A lot of complaints I have read on the net centre on the lack of configurability of this arrangement and I completely get this. One of the nicest thing about Linux is being able to tweak it till you get exactly what you are looking for. Having the taskbar always appear on the left hand side of the screen sort of forces you to work the way the designer’s want, not the way you necessarily might want to.

What does work nicely is the new HUD (Heads Up Display). You hit the Windows key and you are taken into a nicely transparent screen with a search bar. This is a sort of combination of OSX’s Spotlight and the functionality you get from programs like Quicksilver or Gnome Do. Type the name of the program or file you are looking for and a list is provided. You just need to click on the appropriate item and it launches. I am a big fan of Quicksilver on the Mac so I can see myself getting into this in a big way. 

The basic office suite is LibreOffice, which I rather like. It’s a fork from the old OpenOffice suite and it works just fine. I can’t comment on the music player or movie player because I basically never use them. Linux is one of the places I go to work. My system is pretty stripped down. 

The truth is that there is not a lot I can say here except comment on the cosmetic changes. It all feels new and novel but you can tell underneath that it’s basically Linux with all of the old advantages and disadvantages. Dropbox functioned perfectly and all my files were there. I was up and working on 12.04 mere minutes after it loaded and most of the wasted time was simply looking around at all the new stuff. It’s too early to say how stable the system is but so far there has been absolutely zero problems. I will report back if they do show up. 

My basic response– I am still not sure about Unity. I’ll give it some time and see how I feel a few months down the road. I may well report back then. 

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Comments

  1. Jimmy Carmine says:

    I’ve not played with Linux for ages, I may have to give the Live CD a go see how Ubuntu stands up to my dim and hazy memories of my old pal Red Hat Linux 9.

    • Ubuntu will send you a disk if you request it, Jimmy, anywhere in the world and free, or at least they used to. Normally I just download an ISO and stick it on a CD or USB stick. Most of my experimenting with Linux tends to be with virtual machines these days. I use Parallels Desktop on the Mac and VirtualBox on Windows. I have a couple of work machines with actual hard drive installations, an Asus netbook running 10.10 and the above mentioned Acer. I just like to tinker with it sometimes :).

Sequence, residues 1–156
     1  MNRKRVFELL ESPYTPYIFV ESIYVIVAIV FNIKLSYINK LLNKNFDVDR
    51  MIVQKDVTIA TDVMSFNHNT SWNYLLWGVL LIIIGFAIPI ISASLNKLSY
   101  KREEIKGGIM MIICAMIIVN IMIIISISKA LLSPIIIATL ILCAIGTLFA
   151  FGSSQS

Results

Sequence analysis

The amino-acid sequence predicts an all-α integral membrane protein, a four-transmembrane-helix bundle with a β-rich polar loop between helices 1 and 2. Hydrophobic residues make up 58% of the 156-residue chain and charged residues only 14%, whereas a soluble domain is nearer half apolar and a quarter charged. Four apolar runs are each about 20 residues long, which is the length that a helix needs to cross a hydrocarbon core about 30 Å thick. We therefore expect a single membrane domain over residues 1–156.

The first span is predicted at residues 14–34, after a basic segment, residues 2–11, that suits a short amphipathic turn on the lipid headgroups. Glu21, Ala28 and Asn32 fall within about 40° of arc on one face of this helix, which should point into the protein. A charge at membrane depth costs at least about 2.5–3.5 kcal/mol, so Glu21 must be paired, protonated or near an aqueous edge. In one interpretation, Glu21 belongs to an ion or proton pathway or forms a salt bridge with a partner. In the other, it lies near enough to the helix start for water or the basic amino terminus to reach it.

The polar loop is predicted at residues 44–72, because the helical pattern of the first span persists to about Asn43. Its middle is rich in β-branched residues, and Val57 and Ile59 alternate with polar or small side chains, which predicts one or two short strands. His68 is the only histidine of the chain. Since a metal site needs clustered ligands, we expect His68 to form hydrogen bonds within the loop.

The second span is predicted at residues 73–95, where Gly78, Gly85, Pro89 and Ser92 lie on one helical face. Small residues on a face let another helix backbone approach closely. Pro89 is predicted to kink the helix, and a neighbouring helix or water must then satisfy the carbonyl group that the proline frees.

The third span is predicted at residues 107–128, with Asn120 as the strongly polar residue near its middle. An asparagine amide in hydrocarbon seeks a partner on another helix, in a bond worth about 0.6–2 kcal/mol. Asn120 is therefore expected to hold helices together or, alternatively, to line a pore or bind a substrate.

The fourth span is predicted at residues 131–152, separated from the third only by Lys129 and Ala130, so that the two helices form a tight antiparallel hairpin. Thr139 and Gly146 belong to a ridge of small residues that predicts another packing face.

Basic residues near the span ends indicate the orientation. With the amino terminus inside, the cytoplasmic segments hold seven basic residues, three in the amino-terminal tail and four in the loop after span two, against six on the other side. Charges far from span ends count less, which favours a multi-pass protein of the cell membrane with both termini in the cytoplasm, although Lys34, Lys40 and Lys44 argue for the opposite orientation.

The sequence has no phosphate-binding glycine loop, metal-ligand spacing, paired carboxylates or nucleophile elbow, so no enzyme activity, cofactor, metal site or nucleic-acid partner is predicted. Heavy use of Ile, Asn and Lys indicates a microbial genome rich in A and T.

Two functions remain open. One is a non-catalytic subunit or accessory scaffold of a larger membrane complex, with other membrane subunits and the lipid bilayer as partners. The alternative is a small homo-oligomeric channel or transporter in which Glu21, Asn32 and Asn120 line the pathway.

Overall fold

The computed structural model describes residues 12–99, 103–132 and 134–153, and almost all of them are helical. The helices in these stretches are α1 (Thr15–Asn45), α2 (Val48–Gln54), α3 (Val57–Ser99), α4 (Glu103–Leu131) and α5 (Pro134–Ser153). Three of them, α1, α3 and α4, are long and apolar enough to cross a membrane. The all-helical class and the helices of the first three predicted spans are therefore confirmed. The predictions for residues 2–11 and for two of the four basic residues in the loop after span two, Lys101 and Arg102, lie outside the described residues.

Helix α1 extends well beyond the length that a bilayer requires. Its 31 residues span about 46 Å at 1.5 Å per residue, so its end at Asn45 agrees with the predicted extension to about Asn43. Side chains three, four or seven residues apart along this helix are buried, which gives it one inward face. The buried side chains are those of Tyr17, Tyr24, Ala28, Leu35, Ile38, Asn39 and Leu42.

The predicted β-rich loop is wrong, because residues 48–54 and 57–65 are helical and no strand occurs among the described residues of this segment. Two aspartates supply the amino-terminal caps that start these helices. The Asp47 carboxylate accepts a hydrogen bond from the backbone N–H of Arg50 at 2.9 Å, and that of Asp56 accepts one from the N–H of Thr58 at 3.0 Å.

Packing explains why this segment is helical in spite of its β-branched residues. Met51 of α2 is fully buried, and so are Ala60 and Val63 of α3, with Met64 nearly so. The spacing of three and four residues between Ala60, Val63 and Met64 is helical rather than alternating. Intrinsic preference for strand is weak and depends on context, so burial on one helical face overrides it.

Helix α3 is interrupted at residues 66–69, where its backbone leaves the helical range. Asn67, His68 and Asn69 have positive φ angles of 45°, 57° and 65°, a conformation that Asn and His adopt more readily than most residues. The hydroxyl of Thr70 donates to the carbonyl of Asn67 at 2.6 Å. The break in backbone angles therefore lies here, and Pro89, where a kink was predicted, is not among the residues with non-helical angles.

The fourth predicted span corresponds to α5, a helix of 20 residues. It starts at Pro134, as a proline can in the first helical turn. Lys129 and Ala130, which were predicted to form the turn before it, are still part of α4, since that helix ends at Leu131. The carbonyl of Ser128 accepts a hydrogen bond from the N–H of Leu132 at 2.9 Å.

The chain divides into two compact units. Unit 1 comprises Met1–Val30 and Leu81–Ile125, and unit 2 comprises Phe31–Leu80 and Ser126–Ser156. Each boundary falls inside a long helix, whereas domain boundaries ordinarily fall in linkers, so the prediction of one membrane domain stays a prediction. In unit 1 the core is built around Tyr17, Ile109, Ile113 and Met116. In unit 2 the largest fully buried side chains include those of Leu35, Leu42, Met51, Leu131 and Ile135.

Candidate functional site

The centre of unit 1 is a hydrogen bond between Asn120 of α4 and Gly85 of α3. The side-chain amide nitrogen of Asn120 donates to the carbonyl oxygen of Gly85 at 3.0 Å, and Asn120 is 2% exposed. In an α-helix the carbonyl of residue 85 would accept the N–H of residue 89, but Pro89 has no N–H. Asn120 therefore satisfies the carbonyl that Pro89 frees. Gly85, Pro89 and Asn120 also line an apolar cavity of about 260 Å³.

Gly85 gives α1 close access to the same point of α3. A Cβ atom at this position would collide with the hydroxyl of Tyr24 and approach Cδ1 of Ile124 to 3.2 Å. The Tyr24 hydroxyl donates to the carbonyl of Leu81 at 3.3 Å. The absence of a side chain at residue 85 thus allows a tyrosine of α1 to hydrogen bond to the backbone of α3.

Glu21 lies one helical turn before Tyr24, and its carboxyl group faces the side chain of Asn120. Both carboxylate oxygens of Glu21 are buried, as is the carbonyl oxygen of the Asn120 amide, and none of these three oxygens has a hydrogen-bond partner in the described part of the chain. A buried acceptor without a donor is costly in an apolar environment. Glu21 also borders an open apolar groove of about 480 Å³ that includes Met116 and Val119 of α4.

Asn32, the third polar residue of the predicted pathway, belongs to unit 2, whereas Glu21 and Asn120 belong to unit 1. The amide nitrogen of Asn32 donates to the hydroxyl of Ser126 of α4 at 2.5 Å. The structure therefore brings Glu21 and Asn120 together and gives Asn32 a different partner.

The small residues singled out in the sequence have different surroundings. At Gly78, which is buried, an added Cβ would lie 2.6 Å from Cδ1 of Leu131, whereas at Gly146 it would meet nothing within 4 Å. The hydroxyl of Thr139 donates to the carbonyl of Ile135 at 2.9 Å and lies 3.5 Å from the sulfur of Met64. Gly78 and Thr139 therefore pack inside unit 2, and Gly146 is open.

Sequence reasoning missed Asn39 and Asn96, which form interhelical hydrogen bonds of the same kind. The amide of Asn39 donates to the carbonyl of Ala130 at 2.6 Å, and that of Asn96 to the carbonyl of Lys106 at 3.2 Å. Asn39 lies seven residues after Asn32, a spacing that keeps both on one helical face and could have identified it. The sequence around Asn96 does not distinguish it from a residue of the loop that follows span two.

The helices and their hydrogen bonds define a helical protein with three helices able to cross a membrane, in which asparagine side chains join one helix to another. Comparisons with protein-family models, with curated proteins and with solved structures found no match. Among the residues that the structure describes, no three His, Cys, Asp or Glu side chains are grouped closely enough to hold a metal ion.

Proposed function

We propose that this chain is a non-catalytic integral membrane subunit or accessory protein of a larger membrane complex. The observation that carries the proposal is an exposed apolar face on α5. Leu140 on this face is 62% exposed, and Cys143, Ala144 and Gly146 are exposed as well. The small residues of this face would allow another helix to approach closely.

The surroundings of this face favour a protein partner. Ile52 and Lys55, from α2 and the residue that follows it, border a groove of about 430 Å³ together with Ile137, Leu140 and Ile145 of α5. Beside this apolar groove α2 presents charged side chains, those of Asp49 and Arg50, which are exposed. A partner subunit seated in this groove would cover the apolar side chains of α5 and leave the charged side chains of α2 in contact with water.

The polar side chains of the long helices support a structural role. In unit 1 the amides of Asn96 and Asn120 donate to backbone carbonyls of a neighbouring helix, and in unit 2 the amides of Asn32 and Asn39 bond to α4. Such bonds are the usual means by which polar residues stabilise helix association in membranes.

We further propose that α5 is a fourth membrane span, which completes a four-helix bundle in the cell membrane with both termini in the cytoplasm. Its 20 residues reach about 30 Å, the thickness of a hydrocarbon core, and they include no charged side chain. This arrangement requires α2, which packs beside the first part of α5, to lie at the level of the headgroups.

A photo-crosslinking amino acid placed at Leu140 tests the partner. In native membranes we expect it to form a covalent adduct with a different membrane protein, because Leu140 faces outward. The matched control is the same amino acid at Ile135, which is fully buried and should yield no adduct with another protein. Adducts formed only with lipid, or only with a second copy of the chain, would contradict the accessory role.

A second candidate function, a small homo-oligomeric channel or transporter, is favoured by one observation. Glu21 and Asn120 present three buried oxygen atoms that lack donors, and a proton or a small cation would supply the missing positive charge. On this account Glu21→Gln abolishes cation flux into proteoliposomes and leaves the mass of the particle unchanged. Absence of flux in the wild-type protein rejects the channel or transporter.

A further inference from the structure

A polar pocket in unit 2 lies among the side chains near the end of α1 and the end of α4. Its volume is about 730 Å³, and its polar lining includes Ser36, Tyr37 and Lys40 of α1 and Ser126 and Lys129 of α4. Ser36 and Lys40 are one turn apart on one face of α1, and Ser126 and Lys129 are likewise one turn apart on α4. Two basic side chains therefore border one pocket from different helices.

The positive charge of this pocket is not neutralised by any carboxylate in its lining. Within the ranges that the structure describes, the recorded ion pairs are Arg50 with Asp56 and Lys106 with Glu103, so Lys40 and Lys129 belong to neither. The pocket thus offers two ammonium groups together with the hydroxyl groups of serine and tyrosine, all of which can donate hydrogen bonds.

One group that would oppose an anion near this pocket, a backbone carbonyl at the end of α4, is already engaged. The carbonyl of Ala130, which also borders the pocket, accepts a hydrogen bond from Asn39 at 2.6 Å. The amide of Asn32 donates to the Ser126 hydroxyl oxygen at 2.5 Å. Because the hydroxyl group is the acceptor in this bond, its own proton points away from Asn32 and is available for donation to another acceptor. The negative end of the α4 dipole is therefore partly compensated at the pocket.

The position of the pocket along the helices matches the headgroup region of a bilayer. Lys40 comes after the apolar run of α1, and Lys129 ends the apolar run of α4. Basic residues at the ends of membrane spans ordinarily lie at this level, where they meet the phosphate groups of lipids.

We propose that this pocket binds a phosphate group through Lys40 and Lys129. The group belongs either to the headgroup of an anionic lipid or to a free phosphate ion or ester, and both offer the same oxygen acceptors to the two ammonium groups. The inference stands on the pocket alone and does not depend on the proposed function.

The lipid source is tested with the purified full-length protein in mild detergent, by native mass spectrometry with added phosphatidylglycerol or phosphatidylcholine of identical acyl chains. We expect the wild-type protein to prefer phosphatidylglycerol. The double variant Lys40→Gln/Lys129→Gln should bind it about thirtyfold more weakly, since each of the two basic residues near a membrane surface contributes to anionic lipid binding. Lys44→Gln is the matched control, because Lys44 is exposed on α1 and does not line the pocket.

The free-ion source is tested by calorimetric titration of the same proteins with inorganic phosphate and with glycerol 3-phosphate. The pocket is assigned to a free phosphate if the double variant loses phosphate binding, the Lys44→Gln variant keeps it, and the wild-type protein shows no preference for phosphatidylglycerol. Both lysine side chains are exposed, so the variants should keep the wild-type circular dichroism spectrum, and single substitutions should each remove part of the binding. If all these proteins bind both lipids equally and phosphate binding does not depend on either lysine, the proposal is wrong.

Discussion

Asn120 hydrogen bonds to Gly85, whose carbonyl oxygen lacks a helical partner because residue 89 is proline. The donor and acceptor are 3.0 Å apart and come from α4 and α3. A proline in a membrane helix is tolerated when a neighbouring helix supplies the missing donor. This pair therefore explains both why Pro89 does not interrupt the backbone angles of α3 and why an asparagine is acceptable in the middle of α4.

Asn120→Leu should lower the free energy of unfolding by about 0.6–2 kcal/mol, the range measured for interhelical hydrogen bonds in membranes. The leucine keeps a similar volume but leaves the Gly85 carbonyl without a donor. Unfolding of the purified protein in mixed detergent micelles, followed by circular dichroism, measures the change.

• Jimmy Carmine says:

        I’ve gotten the ISO off of the website, and took a quick trip to the student shop to get a blank CD at lunch. As tempting as it was to give it a whirl on the work PC I managed to resist the urge and will wait until I get home. 😀

        • A sound plan. I sometimes set my PC to boot from the USB stick and test it that way. It works a treat. You can also install it as a wubi which saves faffing around with partitions. Good luck!

  2. Rinsukaze says:

    I’m using Precise Pangolin since its launch. Still a bit unstable, as I’m running it in a Vaio laptop and maybe this is the issue. The migration from KDE to Unity seems pretty smooth, the first one overloaded my computer and froze randomly and, as you said, until now the 12.04 behavior is of zero-problem. I’ll wait a few days for tweaking the system, as I’d like to change the visuals of Unity and a few minor issues with the hud.
    Glad to hear from a linux fellow linux user!

    • I find Ubuntu can be pretty random in what it works with sometimes. I have never had a single problem with it when using my Asus netbook which uses an Intel Atom processor. It can be a bit hit or miss with anything with an ATI graphics card. On the Acer right now, the solution I used to use to switch off the graphics card and conserve power (vgaswitcheroo) seems to have stopped working since the upgrade. The computer works just fine but the power consumption has doubled. I am sure I will eventually get to the bottom of it!

      • Rinsukaze says:

        Although I’m using the laptop as a desktop computer (the battery is utterly dead) I’ll try to remember the vgaswitcheroo, seems to be pretty useful for the so-called “no-battery-and-I-need-to-send-this-email-or-Im-fired” moments.
        Pretty interesting power issue you have here! Have you tried with non-official ATI drivers? The driver Noveau seems to be solid, and maybe could show you a different approach to the issue, but the 3D support and performance will surely be diminished.

        Oh, and congratulations for the blog first anniversary!

        • Thanks mate. Noveau might be just the thing. I don’t actually use 3D much when I am in Linux. It’s the battery life I care about!